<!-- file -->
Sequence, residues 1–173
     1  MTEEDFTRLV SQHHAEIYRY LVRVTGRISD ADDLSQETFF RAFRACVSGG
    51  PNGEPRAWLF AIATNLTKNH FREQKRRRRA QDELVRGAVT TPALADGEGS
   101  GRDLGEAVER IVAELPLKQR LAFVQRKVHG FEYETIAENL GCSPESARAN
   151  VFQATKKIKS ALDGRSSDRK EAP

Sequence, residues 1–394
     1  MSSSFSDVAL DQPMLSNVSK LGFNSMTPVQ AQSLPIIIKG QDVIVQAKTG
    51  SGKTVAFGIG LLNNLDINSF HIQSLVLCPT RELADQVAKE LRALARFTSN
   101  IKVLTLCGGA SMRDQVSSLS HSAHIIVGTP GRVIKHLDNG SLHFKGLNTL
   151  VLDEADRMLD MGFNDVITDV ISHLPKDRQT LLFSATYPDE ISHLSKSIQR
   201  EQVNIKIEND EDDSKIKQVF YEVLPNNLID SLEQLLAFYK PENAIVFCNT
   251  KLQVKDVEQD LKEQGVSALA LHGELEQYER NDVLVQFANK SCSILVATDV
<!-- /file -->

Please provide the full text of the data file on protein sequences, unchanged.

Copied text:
Sequence, residues 1–173
     1  MTEEDFTRLV SQHHAEIYRY LVRVTGRISD ADDLSQETFF RAFRACVSGG
    51  PNGEPRAWLF AIATNLTKNH FREQKRRRRA QDELVRGAVT TPALADGEGS
   101  GRDLGEAVER IVAELPLKQR LAFVQRKVHG FEYETIAENL GCSPESARAN
   151  VFQATKKIKS ALDGRSSDRK EAP

Sequence, residues 1–394
     1  MSSSFSDVAL DQPMLSNVSK LGFNSMTPVQ AQSLPIIIKG QDVIVQAKTG
    51  SGKTVAFGIG LLNNLDINSF HIQSLVLCPT RELADQVAKE LRALARFTSN
   101  IKVLTLCGGA SMRDQVSSLS HSAHIIVGTP GRVIKHLDNG SLHFKGLNTL
   151  VLDEADRMLD MGFNDVITDV ISHLPKDRQT LLFSATYPDE ISHLSKSIQR
   201  EQVNIKIEND EDDSKIKQVF YEVLPNNLID SLEQLLAFYK PENAIVFCNT
   251  KLQVKDVEQD LKEQGVSALA LHGELEQYER NDVLVQFANK SCSILVATDV